Browns second team to finish 0-16

After a terrible 1-15 campaign last season, Browns coach Hue Jackson promised to jump in Lake Erie if the team finished 1-15 again. Sixteen games later, Cleveland didn’t finish 1-15 again- they lost every single game to become the second team to finish 0-16. The Browns couldn’t even get the job done against the Steelers backups in the last game of the season and haven’t won on a Sunday since Johnny Manziel was the backup. The good news? Cleveland has the rights to the first and fourth picks of the draft, meaning a couple of super talented players will be headed up north for next season. The bad news? It’s going to be a long road back to relevance for the Browns.

Prescott, Carr, Mariota, Winston take step backwards

Prior to the season, the Cowboys, Raiders, TItans, and Buccaneers were viewed as serious playoff contenders, in part due to their stellar young quarterbacks. But those four teams took a step back and quarterback play was a big reason why. Dallas quarterback Dak Prescott more than tripled his interceptions in year two and lacked the composure he showcased in his Rookie of the Year 2016. Jameis Winston of the Bucs and Derek Carr of the Raiders floundered as their teams dropped to the bottom of their divisions despite loaded supporting casts. And though Tennessee made the playoffs, it was in spite of Marcus Mariota’s subpar season, which included more interceptions (15) than touchdowns (13). Thankfully for these talented players, 2018 will give them another chance to turn things around.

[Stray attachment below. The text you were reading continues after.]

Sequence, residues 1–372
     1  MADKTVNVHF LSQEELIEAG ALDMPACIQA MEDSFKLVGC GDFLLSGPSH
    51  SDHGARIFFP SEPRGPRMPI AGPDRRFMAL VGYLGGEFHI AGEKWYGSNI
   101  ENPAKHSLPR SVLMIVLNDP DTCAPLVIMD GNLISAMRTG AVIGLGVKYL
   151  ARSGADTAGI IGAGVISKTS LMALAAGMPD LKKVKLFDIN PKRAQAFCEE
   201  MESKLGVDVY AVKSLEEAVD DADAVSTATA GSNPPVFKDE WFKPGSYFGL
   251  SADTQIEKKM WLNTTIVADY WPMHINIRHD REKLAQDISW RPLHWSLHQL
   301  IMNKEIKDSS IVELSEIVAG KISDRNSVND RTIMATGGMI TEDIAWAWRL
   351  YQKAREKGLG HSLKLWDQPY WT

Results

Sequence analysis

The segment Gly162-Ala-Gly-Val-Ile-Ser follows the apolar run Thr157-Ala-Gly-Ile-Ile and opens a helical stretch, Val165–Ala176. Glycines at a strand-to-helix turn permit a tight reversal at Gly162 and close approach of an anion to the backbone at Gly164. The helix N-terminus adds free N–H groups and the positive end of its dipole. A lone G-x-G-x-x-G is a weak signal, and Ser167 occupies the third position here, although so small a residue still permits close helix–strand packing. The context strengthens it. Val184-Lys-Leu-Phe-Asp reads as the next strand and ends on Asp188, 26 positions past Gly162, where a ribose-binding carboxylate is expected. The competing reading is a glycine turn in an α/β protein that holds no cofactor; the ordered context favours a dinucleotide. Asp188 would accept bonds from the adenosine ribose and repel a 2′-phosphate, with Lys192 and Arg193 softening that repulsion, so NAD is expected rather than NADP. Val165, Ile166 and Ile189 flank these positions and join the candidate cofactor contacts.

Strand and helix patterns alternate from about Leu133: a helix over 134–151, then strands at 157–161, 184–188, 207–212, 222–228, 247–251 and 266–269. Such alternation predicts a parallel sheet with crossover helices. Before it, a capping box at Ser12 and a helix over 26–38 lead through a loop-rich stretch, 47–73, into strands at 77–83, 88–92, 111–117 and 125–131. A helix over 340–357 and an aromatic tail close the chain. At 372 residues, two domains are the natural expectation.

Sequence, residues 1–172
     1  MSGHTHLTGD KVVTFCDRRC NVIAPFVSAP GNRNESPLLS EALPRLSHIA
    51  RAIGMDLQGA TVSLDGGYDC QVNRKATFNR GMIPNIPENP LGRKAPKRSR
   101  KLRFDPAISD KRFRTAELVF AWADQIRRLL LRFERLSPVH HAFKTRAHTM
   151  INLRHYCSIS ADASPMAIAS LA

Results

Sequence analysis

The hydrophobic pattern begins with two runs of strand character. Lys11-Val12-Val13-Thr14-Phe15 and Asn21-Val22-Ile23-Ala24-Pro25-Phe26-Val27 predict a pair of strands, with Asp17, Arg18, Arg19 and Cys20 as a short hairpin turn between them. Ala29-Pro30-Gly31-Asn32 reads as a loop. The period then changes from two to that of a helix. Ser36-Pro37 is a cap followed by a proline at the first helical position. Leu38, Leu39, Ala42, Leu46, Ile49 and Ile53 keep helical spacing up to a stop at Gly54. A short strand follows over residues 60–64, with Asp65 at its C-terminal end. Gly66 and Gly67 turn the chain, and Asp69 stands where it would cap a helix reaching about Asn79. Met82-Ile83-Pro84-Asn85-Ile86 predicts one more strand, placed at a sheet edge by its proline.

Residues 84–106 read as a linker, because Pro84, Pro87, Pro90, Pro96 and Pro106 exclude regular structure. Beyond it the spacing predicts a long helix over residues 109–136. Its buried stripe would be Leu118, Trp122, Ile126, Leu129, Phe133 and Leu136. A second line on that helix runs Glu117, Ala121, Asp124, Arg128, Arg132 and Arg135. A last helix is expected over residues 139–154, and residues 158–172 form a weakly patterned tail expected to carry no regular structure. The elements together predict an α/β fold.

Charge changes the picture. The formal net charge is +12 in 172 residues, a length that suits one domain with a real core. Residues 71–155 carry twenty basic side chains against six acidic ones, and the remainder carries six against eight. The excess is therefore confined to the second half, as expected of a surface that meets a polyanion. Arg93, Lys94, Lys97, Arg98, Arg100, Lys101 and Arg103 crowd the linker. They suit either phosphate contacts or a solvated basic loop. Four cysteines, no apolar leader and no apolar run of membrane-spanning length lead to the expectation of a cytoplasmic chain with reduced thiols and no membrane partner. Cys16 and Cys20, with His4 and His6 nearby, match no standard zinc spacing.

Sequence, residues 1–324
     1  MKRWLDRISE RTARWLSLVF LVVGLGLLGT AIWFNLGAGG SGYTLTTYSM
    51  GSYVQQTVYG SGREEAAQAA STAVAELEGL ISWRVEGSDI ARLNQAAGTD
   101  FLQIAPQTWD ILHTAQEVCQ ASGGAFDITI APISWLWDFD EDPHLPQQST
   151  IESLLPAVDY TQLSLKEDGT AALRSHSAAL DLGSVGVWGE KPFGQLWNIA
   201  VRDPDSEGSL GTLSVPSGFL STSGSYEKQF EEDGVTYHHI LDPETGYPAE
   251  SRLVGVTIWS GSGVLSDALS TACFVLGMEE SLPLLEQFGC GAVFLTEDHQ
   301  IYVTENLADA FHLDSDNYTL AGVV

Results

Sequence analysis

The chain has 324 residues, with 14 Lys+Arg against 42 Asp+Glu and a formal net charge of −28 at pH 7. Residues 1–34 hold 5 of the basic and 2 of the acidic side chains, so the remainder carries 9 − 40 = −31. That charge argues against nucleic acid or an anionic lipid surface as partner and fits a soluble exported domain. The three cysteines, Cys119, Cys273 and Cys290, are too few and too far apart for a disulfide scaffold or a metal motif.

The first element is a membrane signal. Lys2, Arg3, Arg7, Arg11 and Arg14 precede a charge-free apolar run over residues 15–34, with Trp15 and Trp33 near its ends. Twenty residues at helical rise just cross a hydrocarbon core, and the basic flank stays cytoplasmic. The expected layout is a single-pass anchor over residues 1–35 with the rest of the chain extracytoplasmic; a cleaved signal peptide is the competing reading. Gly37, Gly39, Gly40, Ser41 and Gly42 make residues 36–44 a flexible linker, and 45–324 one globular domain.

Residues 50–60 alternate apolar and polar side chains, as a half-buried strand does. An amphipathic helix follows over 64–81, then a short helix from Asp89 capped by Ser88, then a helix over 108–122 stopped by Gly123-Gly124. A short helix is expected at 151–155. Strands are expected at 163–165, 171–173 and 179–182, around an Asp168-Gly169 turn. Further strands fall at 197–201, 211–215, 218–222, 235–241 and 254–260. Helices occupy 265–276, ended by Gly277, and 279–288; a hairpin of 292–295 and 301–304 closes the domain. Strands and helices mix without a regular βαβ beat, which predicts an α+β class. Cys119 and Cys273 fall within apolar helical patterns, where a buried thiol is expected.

Los Angeles returns to NFL map with resurgence of Chargers and Rams

Two years ago, Los Angeles, the second-largest city in America, didn’t have any football teams. Not only do they currently have two football teams, but both teams outperformed expectations. The Chargers battled back from an 0-4 start to finish 9-7 and just out of the sixth seed in the AFC playoffs, while the Rams improved from four wins to eleven and took the NFC West crown from the Seahawks. Maybe next season we could see a LA vs. LA Super Bowl.

Ravens, Cowboys fall short of Wild Card bids